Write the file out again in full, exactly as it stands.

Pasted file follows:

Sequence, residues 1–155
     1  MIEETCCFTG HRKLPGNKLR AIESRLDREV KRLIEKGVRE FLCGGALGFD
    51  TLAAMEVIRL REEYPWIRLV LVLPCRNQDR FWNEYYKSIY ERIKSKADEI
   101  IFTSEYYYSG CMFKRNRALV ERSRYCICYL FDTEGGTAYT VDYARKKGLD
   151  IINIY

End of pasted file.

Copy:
Sequence, residues 1–155
     1  MIEETCCFTG HRKLPGNKLR AIESRLDREV KRLIEKGVRE FLCGGALGFD
    51  TLAAMEVIRL REEYPWIRLV LVLPCRNQDR FWNEYYKSIY ERIKSKADEI
   101  IFTSEYYYSG CMFKRNRALV ERSRYCICYL FDTEGGTAYT VDYARKKGLD
   151  IINIY